Type 2 Facts
Q: Did I cause my diabetes by eating too much sugar?
A: Eating sugar doesn’t not directly cause diabetes but eating sugar and refined carbohydrates can cause spikes in insulin, which can lead to excess weight gain. Overweight and obese individuals are at higher risk of developing type 2 diabetes. There are many risk factors for developing diabetes such as family history, stress, sedentary lifestyle, poor diet and age.
Q: Is there a cure for diabetes?
A: Not yet, but many researchers, including the ones at WSDC, are working on it!
Pre-diabetes often can be reversed with lifestyle changes in diet, activity, stress reduction and weight reduction of just 5%-10% of current weight. Type 2 diabetes can be treated and controlled also with lifestyle changes, with or without medications. Some researchers suggest type 2 diabetes can be reversed to the prediabetes stage if diagnosed and treated early. This is why annual A1C screening is so important. Type 1 diabetes, an autoimmune disease, requires taking insulin daily and incorporates a healthy lifestyle to control blood glucose levels. The good news is that both type 1 and type 2 diabetes can be treated and managed to decrease the risk of complications later in life.
Q: What food should I eat? What food should I avoid?
I read that I cannot eat carbohydrates anymore so what can I eat?
A: All foods are comprised of varying quantities of carbohydrate, protein and fat, each one having a different effect on blood sugar. Carbohydrates provide energy and are the main culprit of raising blood sugar. Common examples of carbohydrates are bread, pasta, rice, tortillas, crackers, noodles, fruit and starchy vegetables like potatoes. Eating these foods less often and in smaller quantities can help prevent spikes in blood sugar. Proteins have minimal impact on blood sugars as long as they are consumed in reasonable sized portions (3-6 ounce portion). Common proteins are chicken, fish, meat, eggs, peanut butter and cheese. Fats do not raise blood sugar significantly but can delay absorption of carbohydrate (via slowed gastric emptying) causing long, extended high blood sugars when over consumed. This is particularly common when both fats and carbohydrates are eating together in large quantities as in the case of dishes like pizza, Chinese food and Mexican entrees. Fats also can contribute to insulin not working well (insulin resistance). Common fats are butter, oil, avocado, nuts and bacon.
Q: Is a vegetarian diet better for diabetes than a Mediterranean diet?
A: How foods affect blood sugar is very individual. Research shows that people with type 2 diabetes can benefit from a diet that contains plenty of leafy green vegetables, fiber, lean protein (whether it be from plant and/or animal sources) small amounts of whole grains, healthy fats and low fat dairy products. All diets that focus on real foods, are primarily plant-based, have health benefits. This includes vegan, vegetarian and Mediterranean diets. What these diets have in common is that meat is not the primary focus of the meal, rather it is used as a condiment in small quantities or at special occasions.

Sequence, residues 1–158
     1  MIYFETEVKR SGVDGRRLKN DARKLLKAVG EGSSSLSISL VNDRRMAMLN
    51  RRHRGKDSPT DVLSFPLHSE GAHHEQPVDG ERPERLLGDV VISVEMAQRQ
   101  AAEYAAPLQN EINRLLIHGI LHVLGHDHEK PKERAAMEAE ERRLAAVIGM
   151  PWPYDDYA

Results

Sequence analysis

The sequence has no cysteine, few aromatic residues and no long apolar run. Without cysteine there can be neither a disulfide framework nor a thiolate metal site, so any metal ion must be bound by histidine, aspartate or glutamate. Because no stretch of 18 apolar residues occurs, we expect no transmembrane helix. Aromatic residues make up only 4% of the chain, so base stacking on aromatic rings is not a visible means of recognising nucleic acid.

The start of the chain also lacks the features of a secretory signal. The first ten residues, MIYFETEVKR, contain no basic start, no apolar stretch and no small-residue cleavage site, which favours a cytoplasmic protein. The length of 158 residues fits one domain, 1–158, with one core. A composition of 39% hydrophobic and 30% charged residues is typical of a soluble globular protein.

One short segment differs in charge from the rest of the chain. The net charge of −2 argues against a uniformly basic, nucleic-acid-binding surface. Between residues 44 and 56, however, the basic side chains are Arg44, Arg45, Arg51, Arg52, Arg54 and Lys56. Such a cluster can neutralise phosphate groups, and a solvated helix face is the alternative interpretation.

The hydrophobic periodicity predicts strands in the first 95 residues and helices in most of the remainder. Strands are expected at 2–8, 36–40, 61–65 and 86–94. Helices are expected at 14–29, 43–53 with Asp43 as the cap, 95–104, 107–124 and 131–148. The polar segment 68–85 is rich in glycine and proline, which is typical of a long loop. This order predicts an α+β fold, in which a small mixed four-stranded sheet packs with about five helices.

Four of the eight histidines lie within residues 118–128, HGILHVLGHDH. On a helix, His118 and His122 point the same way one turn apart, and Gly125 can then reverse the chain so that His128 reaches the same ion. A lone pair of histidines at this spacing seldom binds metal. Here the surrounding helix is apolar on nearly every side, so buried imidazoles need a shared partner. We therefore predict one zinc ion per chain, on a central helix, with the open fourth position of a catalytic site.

Q: My mother was on insulin when she got older so does that mean I will have to take insulin when I get older?
A: DNA is not destiny. What this means is, even though diabetes is in your family genes, lifestyle and environment have a lot to do with how your diabetes will progress. The more you can maintain a healthy weight, be physically active, manage stress, mind the foods you eat and maintain blood sugars within normal range (with or without the help of medications) you better your odds of not needing insulin. However, in some cases, despite doing all of the above, some people need insulin to keep blood sugars within target range. This does not equate to failure. It just means the cells on your pancreas that produce insulin can no longer keep up, even though you’ve done all you can to help them out.
Q: I’m on medication now to control my blood sugar (glucose). Can I ever get off the pills/ insulin?
A: Maybe. There are many factors to consider. How long you have had diabetes is an important factor. The earlier you are diagnosed and begin lifestyle modifications, the better the chance you have of decreasing or avoiding medication. Another factor is body weight. Often losing weight, if you are overweight, can help your body use insulin better. Diet also plays an important role. Some research shows that eating a whole-food plant-based diet can also decrease the need for medications/insulin. Lastly, sustaining or building up muscle mass can help your body use insulin better. An important point to make here is that the goal in diabetes is to maintain normal blood sugars, be that with or without the assistance of medications/insulin. If blood sugars and A1C are too high, medications/insulin can get you to your goal and increase your chances of a long, healthy life, hopefully free of diabetic complications.